Of course, practical people that we are, we have the one true answer to this babel of opinion. We ignore it, unless of course it proves useful. If the explanation proves vicariously useful, we have superstition, and give some credence to the predictive power of black cats, the astrological significance of the movement of planets, and of saying lots of prayers to St. Jude. If its practically useful, it becomes common sense, and has no author.
But for psychologists and their pet schools of thought, usefulness is neither practical or vicarious, it is precarious. In other words, if you are psychologist with a Freudian, behaviorist, or some other point of view, its predictions sound just swell, until of course they fail to test out. It is then that like a hot gaseous star that has burned off its fuel (or for a school of psychology, it's credibility), it will collapse upon itself and explode, leaving a white dwarf that represents a puny beacon signaling the star's former ethereal greatness. And this is exactly what we have for once influential (transactional analysis anyone?) psychological points of view that faintly glimmer in the minds of a few remnant true believers.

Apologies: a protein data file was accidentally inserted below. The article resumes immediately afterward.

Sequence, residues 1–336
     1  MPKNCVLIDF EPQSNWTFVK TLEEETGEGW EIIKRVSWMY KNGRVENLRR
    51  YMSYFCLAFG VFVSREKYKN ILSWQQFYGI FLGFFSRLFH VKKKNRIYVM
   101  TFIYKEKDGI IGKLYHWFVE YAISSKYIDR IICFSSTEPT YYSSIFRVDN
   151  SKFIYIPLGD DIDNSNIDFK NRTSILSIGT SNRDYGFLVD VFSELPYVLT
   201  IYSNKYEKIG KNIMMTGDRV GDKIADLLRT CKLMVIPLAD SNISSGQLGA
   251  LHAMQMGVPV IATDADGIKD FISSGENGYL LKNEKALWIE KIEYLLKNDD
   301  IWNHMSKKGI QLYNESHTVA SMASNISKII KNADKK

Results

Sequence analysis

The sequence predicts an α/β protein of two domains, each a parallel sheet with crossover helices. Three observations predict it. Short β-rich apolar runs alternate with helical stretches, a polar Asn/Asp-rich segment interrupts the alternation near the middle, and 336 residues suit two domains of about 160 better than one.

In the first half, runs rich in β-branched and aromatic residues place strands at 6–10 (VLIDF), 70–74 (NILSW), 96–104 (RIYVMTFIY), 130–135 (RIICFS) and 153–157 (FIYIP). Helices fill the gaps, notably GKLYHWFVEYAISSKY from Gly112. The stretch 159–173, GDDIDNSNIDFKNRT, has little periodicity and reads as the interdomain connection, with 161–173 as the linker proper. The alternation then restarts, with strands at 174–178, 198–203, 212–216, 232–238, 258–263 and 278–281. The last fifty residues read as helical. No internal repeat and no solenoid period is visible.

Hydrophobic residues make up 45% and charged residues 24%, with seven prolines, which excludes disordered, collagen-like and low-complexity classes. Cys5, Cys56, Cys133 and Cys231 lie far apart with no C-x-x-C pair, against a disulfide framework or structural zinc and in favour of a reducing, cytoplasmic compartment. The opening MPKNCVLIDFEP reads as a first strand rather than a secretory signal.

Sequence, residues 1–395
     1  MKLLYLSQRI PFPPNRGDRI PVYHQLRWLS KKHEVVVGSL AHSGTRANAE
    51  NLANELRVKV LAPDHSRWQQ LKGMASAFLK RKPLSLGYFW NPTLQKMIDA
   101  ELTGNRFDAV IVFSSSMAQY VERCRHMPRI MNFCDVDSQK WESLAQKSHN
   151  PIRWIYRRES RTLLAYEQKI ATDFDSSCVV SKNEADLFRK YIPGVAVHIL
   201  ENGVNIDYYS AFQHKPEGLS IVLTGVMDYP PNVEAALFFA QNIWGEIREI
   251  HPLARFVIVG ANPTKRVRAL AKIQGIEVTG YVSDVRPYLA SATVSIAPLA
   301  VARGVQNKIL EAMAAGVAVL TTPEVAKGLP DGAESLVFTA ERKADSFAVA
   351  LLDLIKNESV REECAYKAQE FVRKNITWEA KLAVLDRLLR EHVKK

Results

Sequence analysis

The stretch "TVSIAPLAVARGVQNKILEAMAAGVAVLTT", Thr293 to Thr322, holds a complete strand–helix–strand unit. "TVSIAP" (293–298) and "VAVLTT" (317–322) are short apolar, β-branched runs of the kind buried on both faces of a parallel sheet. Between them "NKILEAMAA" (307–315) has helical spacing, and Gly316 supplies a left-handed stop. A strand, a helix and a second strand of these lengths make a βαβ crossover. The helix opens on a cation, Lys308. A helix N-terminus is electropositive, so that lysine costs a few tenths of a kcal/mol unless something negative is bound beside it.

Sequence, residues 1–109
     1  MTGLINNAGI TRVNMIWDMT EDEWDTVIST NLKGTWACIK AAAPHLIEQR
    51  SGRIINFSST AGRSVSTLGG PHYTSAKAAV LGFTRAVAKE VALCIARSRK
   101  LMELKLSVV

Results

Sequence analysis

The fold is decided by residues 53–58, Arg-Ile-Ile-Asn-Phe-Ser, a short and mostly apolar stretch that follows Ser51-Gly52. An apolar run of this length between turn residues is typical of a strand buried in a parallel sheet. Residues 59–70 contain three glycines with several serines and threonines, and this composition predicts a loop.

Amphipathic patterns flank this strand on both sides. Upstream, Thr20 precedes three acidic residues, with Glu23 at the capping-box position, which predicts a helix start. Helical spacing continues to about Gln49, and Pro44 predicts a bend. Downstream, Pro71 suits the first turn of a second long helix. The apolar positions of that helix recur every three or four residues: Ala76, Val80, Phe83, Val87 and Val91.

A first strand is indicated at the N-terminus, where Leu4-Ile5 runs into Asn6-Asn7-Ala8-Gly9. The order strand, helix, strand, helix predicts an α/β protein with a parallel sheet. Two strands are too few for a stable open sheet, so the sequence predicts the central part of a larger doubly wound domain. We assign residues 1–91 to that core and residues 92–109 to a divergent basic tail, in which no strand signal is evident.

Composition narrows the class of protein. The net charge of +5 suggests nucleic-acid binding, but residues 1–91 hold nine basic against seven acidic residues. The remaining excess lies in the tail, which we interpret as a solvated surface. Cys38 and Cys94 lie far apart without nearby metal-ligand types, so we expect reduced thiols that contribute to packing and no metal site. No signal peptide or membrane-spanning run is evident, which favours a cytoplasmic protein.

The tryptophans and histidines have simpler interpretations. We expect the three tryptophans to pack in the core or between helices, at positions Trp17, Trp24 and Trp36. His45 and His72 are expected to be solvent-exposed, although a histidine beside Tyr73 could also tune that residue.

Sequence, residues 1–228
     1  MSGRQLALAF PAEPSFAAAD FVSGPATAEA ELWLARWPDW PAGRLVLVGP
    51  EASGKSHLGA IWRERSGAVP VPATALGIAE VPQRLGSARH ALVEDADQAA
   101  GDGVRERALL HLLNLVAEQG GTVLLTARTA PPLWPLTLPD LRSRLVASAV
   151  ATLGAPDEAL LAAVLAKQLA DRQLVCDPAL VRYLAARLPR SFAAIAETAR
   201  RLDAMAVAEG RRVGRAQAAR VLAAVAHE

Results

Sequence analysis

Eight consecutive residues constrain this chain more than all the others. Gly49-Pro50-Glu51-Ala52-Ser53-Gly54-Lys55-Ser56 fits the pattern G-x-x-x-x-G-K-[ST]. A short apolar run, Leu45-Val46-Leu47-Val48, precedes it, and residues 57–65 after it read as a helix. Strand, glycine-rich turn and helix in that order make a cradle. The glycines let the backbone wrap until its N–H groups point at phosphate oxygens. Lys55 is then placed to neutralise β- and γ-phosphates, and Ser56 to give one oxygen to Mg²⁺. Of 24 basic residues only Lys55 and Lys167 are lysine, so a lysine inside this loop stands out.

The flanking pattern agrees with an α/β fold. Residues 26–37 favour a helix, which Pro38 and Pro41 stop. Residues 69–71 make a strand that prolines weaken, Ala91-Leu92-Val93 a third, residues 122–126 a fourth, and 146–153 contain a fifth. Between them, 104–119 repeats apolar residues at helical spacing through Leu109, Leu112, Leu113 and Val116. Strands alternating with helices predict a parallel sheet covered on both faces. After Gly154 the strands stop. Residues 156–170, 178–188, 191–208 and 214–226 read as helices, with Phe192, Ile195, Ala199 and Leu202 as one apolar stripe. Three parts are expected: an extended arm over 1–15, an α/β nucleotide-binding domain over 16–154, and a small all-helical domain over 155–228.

This astronomical fact serves as a swell metaphor for psychology and the invariable schools of thought from time to time that swell up to give us 'the answer', describing human behavior in all its cantankerousness. From psychoanalysis to behaviorism and as of late, dubious schools of thought such as evolutionary psychology and relational frame theory, they are puffed up with hot gas that invariably blows up under the weight of its useless and contrary data.
Which brings us to pop psychology, which compared to hi-falutin concepts in psychology, quickly blazes into glory and fades away as rapidly. As a comet is a celestial low life, so too is pop psychology a philosophical low life. Nonetheless, for a bright brief second, it also lights up the sky, and gets into the newspapers and an appearance on Oprah. But just as quickly, the comet passes by. We realize then that it was just an overheated block of ice, and that we were blockheads to believe. But that's ok, as the author of the flash in the pan comes back a few years later with a new lexicon and reinvents the philosophical wheel, and for one brief moment, lights up the sky.